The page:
Past Forward

Activating The Henry Ford Archive of Innovation

Laser Beams Over Menlo Park

December 22, 2014 Archive Insight


This year, many transformative things have been set into motion at The Henry Ford. One of the most rewarding projects has been all of the hard work that has culminated with the first season of The Henry Ford’s Innovation Nation, an educational television show produced by Litton Entertainment. Perhaps you’ve been watching the episodes on CBS, Saturday mornings? If not, you can view them here.

When we entered into a partnership with Litton, we also took the opportunity to turn our gaze inwards, to research the history of our own involvement with broadcast media. A dive into the archives of the Edison Institute revealed some gems—photographic collections that captured the visual history of media events on our campus spanning 60 years. Previous blogs detail how in 1955, Marion Corwell began hosting Window to the Past, our first live television show. That same year, NBC filmed an all-day live event using the then-new medium of color broadcasting; episodes of The Howdy Doody Show were captured that day. Other discoveries revealed Gladys Knight and the Pips on the Phil Donahue Show in 1973.


A third event was revealed through a stack of very strange, and very psychedelic photographs discovered by our Curator of Photographs and Prints, Cynthia Read Miller. The setting was obvious—the building in the photographs was clearly Thomas Edison’s Menlo Park laboratory. But the images were taken afterhours in Greenfield Village, at night, with enthralled guests sitting cross-legged on the lawn.


Above their heads, clouds of fog caught dancing prismatic rainbows and the rays of laser bursts. Projected swirls of color were bent into tunnels, the silhouette of someone who looked like Thomas Edison tipping his hat at the center.


We pooled our research efforts and soon discovered that the images were documentation of a May evening in 1989. ABC/Kane Productions had been onsite, filming a television special called World of Discovery - Inventors: Out of their Minds. The episode was part of a celebration for the 110th anniversary of the invention of the incandescent lamp; the Menlo Park laboratory was used as a connecting point to show how Edison’s spirit was alive in modern inventors.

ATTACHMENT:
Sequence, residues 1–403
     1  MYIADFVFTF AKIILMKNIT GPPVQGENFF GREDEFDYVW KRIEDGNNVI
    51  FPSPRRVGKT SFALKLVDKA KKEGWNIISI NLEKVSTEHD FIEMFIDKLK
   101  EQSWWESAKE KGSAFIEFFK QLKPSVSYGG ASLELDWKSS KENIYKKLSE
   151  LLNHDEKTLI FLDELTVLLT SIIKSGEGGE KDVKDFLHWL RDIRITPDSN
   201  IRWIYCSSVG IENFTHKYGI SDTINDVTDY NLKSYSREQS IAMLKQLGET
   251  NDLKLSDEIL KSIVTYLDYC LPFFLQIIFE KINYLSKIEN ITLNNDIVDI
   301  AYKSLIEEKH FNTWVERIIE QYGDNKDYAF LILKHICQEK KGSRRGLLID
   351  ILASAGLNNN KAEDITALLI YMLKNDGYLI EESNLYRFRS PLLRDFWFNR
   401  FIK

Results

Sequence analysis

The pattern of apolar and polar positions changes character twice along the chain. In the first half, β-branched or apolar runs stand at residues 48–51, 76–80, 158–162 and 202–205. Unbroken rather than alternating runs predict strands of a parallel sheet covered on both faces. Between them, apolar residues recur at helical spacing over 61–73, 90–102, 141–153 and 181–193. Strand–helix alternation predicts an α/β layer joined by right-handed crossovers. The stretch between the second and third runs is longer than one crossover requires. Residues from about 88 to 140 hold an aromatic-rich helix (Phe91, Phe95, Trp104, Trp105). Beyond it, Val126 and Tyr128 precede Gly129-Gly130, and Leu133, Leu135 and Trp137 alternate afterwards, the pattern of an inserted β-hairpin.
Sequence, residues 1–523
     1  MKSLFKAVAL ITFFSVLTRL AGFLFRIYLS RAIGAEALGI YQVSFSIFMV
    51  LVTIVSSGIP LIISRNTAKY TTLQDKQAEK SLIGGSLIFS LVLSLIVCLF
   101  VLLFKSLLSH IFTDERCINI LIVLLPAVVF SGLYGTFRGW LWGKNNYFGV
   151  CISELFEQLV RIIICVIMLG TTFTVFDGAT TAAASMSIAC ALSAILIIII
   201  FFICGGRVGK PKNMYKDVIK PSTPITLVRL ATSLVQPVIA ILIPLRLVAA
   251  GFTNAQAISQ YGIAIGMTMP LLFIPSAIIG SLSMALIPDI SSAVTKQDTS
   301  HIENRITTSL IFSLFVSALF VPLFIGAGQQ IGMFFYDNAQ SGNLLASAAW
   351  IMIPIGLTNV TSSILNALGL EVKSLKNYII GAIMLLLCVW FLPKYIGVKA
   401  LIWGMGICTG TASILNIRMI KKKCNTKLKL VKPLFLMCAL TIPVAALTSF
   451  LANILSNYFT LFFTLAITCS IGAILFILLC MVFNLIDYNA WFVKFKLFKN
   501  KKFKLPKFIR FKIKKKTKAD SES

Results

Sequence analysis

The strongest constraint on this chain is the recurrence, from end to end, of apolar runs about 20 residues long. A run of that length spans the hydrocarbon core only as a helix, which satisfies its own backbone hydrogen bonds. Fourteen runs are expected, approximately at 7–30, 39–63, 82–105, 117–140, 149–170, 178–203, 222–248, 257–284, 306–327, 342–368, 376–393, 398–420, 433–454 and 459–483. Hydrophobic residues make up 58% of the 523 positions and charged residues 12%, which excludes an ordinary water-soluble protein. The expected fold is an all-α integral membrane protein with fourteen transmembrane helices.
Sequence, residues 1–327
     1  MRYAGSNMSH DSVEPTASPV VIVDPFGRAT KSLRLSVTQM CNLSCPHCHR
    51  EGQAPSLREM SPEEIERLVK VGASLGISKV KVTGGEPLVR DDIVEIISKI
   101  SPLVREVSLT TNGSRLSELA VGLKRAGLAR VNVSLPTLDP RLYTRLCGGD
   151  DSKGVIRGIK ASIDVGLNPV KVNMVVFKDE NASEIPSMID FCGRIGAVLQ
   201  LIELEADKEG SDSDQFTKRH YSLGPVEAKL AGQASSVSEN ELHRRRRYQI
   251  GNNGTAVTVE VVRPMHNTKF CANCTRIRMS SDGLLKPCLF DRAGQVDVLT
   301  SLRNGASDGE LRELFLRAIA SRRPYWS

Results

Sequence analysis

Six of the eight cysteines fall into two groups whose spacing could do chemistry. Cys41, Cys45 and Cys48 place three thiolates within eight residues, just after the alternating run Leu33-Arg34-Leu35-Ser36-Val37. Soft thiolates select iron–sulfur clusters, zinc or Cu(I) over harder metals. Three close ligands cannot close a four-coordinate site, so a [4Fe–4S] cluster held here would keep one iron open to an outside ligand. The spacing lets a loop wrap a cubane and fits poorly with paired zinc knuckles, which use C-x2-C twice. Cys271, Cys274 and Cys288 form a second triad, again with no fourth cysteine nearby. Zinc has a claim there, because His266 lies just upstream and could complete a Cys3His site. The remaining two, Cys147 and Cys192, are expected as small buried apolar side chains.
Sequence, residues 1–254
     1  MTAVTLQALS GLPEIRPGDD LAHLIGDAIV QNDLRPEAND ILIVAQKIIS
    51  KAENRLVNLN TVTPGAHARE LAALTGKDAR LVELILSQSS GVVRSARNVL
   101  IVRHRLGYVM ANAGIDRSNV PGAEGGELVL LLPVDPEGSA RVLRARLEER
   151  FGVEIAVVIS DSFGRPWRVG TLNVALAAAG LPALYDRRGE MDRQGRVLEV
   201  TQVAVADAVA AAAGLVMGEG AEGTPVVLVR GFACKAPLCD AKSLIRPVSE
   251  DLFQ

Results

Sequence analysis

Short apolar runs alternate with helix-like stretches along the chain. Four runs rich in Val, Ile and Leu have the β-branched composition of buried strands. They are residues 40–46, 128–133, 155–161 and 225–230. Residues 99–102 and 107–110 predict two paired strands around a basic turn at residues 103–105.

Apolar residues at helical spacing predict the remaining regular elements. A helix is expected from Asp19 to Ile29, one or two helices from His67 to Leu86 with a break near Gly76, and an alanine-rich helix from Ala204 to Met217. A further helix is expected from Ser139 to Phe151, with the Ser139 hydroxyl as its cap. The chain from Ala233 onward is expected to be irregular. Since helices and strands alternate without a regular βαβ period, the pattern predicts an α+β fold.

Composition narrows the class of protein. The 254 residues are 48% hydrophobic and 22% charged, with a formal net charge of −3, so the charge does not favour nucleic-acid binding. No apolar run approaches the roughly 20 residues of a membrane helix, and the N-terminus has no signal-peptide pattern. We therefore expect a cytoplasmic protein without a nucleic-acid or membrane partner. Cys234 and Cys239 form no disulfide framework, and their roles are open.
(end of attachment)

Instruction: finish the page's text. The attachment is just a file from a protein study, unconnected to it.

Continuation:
The fantastical laser light show was created by special effects technicians from ABC, who had brought along portable laser projection machines. The audience on the lawn were extras invited from the ranks of the Eagle Tavern Club and the President’s Society.


Stepping out onto the upper porch of Menlo Park, an actor playing Thomas Edison (Hoel Bowditch, an actual inventor) marvels to the audience below about modern inventions. He shares his excitement about things like space travel—and the use of the word “awesome.” He directs words of encouragement towards the young audience members: “All you dreamers and doers … work hard together! And don’t be afraid to fail! It’s what you do after you fail that counts.”


As “Edison” retreats, a blast of laser light floods out from behind Menlo Park laboratory, and across the village lawn and guests. Edison’s signature and portrait appear in red laser light in the sky, and he walks away, down seemingly infinite blue tunnel of light. You just can’t make these things up.

Kristen Gallerneaux is Curator of Communication and Information Technology at The Henry Ford. With special thanks to Cynthia Read Miller, former Curator of Photographs and Prints, and Andy Stupperich, Associate Curator, Digital Content. 

lighting, TV, Thomas Edison, The Henry Ford's Innovation Nation, technology, popular culture, Greenfield Village buildings, Greenfield Village, events, by Kristen Gallerneaux, actors and acting

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